Tuesday, November 6, 2007

Weather graphs are back

I managed to extract all data from the corrupted database, except for the weather history data from a single weather station (MMUN in Mexico), so I didn't need to use old backups. The weather history is currently being loaded in the running database. I started the load just after midnight (after getting home from the Kent concert), it's now 2 PM and 74970000 of 106248685 rows have been loaded already, so the load should be completed this evening. That's right, there are currently 106 million weather reports stored from 8728 weather stations.

Then database load is a bit slow, since I made the loading script sleep most of the time - it loads the reports of a single weather station, and then sleeps three times the time it took to perform the previous load. This prevents it from slowing down the database too much, and interfering the normal operation of the aprs.fi site. Once it's finished, the restore process is completed.


Anonymous said...

Thanks for all your work on the aprs.fi website. It's a slick tool.

One question: Is there a way to filter packets so that it shows all packets that a single station has digipeated? (If I don't care who originated the various packets.)

Sometimes I'm curious to find out over the course of a day how much activity my home digi has helped repeat other people's traffic on RF, and which direction/distance their packets came from.

It might be of use for determining how well (or how poorly) a digi receives traffic from certain directions because of terrain or other local factors.

Just a thought... (and I'm not sure how well I've worked that question through my own mind).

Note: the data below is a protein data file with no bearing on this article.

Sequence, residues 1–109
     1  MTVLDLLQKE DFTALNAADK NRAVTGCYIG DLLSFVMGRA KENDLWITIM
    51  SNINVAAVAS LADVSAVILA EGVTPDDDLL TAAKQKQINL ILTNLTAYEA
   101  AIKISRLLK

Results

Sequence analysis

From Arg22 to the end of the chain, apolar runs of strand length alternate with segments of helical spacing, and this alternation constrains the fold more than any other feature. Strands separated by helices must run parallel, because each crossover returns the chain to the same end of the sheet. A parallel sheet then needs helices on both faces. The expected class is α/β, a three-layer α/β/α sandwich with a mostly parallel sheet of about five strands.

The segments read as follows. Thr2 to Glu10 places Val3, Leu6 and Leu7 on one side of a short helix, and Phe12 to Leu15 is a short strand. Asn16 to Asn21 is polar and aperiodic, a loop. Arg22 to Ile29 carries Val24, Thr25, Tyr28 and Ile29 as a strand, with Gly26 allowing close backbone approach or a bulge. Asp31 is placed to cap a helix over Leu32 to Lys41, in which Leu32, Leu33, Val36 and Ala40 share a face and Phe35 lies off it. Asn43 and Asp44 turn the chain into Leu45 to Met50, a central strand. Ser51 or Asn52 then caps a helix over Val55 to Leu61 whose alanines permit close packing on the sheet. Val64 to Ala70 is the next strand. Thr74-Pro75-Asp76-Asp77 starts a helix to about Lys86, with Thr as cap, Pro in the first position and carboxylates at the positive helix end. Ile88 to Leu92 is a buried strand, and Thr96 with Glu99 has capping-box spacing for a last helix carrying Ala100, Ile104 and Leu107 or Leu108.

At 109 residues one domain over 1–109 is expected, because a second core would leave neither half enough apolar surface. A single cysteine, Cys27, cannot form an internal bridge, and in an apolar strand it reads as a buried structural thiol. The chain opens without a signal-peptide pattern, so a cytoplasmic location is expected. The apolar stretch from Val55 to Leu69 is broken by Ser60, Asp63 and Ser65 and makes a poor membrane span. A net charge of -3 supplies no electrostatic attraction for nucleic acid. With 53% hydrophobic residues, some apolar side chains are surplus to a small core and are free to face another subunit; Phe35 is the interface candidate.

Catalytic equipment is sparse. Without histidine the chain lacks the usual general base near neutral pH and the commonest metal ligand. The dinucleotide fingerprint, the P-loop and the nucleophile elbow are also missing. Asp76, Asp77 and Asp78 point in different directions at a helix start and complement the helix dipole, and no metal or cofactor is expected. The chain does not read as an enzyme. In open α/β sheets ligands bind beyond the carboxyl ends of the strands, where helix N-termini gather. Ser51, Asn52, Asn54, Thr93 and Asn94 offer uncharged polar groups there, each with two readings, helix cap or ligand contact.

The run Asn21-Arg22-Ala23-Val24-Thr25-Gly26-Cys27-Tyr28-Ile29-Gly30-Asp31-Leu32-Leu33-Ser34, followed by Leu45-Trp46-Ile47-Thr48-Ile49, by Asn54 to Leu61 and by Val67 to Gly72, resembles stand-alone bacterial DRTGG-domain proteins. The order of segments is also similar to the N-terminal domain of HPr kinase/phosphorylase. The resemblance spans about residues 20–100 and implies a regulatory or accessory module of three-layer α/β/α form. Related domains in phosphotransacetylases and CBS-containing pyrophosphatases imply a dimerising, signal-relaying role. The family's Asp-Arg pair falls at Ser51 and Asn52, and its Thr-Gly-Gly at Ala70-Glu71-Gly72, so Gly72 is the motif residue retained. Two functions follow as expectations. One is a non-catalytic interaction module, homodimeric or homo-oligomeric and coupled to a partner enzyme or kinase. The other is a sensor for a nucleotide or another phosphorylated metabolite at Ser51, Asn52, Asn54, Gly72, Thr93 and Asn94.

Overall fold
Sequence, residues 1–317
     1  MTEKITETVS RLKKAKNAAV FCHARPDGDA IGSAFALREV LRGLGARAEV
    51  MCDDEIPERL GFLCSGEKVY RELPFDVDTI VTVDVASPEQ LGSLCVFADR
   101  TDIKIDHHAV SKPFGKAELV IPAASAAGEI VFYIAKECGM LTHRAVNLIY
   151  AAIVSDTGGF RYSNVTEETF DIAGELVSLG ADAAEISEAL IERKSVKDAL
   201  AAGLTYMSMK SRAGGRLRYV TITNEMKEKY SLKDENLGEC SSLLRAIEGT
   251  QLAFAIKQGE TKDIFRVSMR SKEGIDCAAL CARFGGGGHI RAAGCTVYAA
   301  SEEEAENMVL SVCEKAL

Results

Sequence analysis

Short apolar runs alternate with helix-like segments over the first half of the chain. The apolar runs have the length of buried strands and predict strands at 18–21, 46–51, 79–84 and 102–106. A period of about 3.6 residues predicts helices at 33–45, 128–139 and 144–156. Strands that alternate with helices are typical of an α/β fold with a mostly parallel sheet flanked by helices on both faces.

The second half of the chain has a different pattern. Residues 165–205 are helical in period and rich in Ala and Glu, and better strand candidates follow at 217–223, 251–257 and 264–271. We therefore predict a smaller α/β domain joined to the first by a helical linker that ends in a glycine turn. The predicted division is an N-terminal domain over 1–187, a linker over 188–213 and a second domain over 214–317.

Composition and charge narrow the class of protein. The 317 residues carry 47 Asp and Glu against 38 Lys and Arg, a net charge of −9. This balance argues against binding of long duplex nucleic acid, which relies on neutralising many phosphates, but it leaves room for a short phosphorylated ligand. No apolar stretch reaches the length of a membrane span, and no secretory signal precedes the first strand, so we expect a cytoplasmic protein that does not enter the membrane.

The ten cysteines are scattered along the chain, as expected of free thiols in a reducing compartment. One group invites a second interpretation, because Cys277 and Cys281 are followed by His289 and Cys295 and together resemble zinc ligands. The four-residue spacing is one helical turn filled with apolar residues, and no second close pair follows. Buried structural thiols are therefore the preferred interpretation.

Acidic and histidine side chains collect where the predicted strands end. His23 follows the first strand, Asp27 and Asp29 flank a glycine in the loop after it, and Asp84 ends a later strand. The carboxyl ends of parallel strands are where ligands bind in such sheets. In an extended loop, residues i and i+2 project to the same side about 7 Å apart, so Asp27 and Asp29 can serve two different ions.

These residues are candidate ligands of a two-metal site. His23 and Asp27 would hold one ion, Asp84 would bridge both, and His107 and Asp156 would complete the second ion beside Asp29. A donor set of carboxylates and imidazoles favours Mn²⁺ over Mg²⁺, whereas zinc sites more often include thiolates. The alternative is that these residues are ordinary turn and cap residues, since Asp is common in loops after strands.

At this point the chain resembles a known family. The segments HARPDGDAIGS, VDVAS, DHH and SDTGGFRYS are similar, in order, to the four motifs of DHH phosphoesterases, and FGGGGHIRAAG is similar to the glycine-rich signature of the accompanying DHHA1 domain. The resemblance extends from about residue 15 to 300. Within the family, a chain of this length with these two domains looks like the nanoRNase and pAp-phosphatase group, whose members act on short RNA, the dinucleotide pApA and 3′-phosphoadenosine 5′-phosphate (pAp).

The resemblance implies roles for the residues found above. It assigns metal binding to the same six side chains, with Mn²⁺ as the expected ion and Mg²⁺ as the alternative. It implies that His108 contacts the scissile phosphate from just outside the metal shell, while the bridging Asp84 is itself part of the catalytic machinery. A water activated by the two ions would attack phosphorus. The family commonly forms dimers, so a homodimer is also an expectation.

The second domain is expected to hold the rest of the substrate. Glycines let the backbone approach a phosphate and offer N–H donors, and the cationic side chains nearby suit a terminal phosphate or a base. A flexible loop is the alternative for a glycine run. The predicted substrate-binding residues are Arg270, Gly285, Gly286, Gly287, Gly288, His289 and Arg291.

- Mark Rice, N4CMB

oh7lzb said...

Sorry, currently you cannot filter the raw packets out. You can, however, look at the "Stations heard by" list on the info page for the digipeater (http://aprs.fi/info/digipeatercall) to get some idea.

It is quite bogus and misleading though, since some packets might have been digipeated by another digipeater which hasn't put it's own callsign in the packet, or marked it as digipeated. Some igates also loose the 'has been digipeated' bits from the packets. So it is currently not possible, with APRS-IS, to reliably do this kind of analysis, with any software at all. So take the statistics with a grain of salt!

The folks at db0anf have some more advanced stats (see the "Digipeater Users" and "Digi-User Map" views), but they have the same shortcomings. Interesting and pretty statistics, but not completely true.

oh7lzb said...

Reloading of the weather history data was completed last night. Please let me know if something is still broken.

cak said...

There's a... misfeature in the code that checks for stations that are moving too fast. If you look at K6DBG-7 today (9 Nov), you'll see what I mean. The tracker is a D7, which often sends out bad posits before it gets a good GPS fix (I wish I could set things up so it wouldn't send a posit w/o a fix). In this case, the (0,0) posits were ignored, but the next posit had a bogus location ... which is the one that sticks. I would suggest that the code should be checking the last posit, not the last "good" posit, for the "moving too fast" condition.

Thanks for a great site!

VY 73 de chris K6DBG

oh7lzb said...

Yeah, I suppose it'd be wiser to look at the previous transmitted position instead of the previous accepted position, would speed things up after a bad transmitted packet. It'll permit speeding between two positions by transmitting two sequential packets from each location. The duplicate packet filter should catch those, though, for the duplicate callsign usage cases (multiple fixed stations having the same callsign).

I'll look into it, thanks for the note.